Flor

Camera-traps is a method used to capture images of animals in the wild, when researchers are not present.
It can record very accurate data without the animal being captured. These data is actually superior to human observations and that can be reviewed by other researchers. This is a great advantage.

Infrared flash cameras, usually not detectable by mammals or birds, have low disturbance and visibility. So this method minimally disturb wildlife and can replace the use of more invasive survey and monitoring techniques such as live trap and release. Cameras operate continually and silently and are a cost effective monitoring tool.

Camera trapping has been used in ecological research for decades. It can document wildlife presence (including rare species), abundance, studies of nest, population changes, as well as research on habitat use and occupation of structures, particularly in the face of deforestation and habitat destruction. It’s also helpful in determining behavioral and activity patterns of animals, such as which time of day they are active or visiting a specific area.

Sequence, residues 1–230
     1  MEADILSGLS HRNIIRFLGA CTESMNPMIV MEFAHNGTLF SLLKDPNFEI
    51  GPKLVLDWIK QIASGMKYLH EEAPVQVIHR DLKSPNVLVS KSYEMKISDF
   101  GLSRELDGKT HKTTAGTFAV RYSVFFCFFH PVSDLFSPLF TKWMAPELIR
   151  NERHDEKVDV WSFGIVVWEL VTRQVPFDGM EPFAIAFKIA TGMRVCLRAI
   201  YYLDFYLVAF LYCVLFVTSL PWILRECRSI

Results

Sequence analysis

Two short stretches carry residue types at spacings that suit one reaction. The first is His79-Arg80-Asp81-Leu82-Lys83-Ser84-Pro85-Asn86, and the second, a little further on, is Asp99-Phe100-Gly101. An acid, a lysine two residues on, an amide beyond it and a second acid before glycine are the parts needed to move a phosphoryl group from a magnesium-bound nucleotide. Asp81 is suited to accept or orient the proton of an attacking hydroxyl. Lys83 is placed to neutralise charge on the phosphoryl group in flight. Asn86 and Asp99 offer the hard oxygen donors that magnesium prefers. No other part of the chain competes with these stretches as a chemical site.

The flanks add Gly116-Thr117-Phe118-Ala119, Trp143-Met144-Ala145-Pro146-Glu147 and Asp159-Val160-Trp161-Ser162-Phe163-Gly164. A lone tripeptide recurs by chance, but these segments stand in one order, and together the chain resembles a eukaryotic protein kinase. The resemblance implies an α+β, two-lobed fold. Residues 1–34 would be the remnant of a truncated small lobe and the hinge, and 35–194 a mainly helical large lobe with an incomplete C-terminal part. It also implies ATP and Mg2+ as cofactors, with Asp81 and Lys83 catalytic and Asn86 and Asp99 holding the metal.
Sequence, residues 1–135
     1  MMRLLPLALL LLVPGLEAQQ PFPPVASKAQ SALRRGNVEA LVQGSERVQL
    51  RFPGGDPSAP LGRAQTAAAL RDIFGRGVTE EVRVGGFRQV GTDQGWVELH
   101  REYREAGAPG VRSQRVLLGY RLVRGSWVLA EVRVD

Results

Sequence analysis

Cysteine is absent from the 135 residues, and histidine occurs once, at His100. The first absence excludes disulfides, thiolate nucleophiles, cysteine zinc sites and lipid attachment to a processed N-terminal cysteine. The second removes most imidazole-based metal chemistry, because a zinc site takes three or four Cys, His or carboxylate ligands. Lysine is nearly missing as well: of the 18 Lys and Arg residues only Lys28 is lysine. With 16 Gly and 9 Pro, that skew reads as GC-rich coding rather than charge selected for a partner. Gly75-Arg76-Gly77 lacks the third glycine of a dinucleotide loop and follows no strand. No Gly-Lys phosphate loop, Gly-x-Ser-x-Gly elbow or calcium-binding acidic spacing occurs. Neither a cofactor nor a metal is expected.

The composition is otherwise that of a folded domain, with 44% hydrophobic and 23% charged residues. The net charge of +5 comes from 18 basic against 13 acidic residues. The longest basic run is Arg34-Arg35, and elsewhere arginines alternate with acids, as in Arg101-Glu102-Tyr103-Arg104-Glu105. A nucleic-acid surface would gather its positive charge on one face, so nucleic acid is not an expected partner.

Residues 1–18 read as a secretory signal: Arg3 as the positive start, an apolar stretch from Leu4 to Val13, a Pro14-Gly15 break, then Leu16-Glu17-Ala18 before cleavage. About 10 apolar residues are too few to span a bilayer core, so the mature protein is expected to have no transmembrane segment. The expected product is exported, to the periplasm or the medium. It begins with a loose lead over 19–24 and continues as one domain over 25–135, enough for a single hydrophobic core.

As part on my EVS project with BIOM, I learnt about this trapping technique and how to use it, so as part of my experiences, one camera was settled down by me during some days near a pond, in Učka Natural Park.
As result, some videos were recorded, a dog, two roe-deer, and a group of ‘wild’ cows. In the end of each video we got information as the day and time, and atmospheric conditions. With its visualization is possible to know the number of animals and how’s the group is compose (females, males, young, adults), etc. Also observing their behaviour.
Let’s see what you can trap next time!!

By Florbela Torres

Project was funded by European Commission under the Eramus+ programme.

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